As indicated above, the novel fluoridated pigments according to the invention are advantageously encapsulated, via a technique such as described in FR-93-04,544 with a layer of transparent oxides, to provide fluoridated pigments having, with respect to the corresponding non-encapsulated fluoridated products, an improved chemical stability and an improved thermal stability, and, indeed, in certain cases, an improved coloration as well.
According to this encapsulation technique, more fully described below, novel colored composite pigments of core/shell type are thus obtained, comprising:
(A) a substrate (or core or nucleus) based on at least one fluoridated rare earth metal sesquisulfide (Whether doped or nondoped) as described above, and
(B) a layer (or shell, sheath or envelope) based on at least one transparent oxide, deposited onto the surface of the substrate and coating same.
Of course, certain variants of this structure are possible. In particular, the peripheral or outer layer coating the particle need not be perfectly continuous or homogeneous. However, preferably, the pigments according to the invention comprise a transparent oxide coating layer which is uniform and of controlled thickness, such as not to detrimentally affect the original color of the substrate before coating.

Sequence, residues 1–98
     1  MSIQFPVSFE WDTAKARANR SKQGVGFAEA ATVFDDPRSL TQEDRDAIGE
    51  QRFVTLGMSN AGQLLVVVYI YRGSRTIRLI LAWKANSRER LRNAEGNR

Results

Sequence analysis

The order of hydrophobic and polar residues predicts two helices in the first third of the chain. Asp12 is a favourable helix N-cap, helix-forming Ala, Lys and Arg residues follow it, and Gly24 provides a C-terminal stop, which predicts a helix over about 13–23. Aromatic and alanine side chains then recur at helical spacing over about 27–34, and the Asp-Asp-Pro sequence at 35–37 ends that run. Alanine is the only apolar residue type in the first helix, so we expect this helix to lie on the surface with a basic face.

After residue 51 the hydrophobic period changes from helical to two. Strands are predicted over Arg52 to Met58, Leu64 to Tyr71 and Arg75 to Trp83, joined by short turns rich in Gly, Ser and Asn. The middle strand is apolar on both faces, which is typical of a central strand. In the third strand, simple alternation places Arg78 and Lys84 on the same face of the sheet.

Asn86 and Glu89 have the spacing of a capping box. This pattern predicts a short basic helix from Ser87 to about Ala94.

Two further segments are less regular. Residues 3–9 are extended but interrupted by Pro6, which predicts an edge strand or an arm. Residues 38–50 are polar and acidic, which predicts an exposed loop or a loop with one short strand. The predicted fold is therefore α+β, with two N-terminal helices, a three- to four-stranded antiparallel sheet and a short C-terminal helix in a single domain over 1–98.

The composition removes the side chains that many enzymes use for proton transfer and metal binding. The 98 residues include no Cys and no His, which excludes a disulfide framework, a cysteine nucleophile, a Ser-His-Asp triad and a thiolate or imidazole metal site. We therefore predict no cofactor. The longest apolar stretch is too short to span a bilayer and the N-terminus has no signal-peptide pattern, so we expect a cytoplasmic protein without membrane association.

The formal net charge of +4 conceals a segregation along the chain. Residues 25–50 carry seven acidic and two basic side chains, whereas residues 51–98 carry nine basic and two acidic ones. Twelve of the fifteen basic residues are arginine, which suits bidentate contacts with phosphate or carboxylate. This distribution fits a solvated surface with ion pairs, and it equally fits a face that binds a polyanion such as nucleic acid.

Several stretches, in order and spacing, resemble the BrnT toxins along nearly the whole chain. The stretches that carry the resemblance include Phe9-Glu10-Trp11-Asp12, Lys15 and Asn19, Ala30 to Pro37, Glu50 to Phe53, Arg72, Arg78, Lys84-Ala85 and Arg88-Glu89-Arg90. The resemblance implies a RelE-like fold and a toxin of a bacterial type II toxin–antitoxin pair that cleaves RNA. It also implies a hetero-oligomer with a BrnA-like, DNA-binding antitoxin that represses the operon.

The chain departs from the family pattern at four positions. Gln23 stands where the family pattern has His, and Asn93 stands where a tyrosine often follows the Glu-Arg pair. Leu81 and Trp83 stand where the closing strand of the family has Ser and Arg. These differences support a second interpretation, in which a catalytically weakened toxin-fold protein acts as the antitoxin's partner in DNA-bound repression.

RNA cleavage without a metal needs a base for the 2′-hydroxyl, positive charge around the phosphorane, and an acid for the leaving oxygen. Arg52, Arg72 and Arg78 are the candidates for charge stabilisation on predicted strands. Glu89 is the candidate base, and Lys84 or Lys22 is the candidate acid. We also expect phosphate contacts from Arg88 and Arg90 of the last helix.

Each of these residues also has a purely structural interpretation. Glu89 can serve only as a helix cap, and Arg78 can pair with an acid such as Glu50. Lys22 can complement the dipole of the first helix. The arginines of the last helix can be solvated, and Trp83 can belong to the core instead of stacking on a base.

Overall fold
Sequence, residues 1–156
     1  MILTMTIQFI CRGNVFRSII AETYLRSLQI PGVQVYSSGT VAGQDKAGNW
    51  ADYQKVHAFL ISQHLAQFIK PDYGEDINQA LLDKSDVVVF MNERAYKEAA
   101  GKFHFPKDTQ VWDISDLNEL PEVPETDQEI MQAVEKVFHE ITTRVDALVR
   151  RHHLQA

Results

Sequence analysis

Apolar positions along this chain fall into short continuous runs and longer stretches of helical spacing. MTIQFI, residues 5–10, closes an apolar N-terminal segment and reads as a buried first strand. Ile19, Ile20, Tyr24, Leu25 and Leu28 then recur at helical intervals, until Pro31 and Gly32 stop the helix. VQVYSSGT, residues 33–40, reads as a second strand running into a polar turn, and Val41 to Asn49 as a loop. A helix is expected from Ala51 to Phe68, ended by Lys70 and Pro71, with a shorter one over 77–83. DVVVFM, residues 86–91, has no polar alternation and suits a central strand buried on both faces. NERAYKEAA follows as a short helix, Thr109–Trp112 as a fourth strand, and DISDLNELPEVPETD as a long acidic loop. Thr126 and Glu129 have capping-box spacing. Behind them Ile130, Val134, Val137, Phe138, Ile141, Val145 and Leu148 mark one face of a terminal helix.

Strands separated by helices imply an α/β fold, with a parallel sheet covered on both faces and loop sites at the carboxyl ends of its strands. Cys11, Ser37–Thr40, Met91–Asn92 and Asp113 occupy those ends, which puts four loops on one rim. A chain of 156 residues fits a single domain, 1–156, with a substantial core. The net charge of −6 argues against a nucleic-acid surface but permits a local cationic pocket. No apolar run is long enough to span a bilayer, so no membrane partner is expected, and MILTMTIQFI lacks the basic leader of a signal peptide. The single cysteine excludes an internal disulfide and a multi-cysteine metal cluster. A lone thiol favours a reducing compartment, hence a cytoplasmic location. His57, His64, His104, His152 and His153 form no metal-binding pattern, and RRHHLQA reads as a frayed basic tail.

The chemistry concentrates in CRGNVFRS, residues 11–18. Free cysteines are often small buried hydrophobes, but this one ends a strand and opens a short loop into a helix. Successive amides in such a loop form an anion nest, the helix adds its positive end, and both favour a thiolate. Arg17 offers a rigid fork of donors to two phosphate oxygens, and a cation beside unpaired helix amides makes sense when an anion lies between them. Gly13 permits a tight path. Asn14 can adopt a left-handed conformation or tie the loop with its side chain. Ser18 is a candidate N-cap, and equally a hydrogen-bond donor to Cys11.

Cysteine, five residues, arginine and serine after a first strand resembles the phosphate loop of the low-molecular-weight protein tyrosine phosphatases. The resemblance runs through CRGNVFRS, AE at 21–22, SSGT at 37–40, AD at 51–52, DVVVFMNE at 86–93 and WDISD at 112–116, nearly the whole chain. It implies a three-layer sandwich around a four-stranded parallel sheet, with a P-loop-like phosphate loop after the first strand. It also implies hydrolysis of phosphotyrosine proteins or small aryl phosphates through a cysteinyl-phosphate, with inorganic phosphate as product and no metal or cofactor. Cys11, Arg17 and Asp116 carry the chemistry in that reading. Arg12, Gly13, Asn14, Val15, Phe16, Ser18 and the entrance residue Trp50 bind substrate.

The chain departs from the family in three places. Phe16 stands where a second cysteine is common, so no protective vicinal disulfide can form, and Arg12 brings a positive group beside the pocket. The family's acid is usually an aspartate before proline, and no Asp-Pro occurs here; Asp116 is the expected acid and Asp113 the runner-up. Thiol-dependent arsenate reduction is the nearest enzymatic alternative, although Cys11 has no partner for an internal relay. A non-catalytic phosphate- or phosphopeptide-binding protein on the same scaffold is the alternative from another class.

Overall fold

By the term "transparent oxide" is intended an oxide which, once deposited onto a substrate in the form of a more or less thin film, does not absorb or only very slightly absorbs light rays in the visible range, such as not to, or to only very slightly mask, the intrinsic original color of the substrate. Moreover, it will also be appreciated that the term oxide, which is used simply for convenience, includes the oxides of hydrated type.
These oxides, or hydrated oxides, can be amorphous and/or crystalline.
Particularly exemplary of such oxides are silicon oxide (silica), aluminum oxide (alumina), zirconium oxide (zirconia), titanium dioxide, zirconium silicate ZrSiO4 (zircon) and rare earth metal oxides. Among the latter, it is preferable to use those which do not exhibit officially recognized toxicity to man and/or the environment.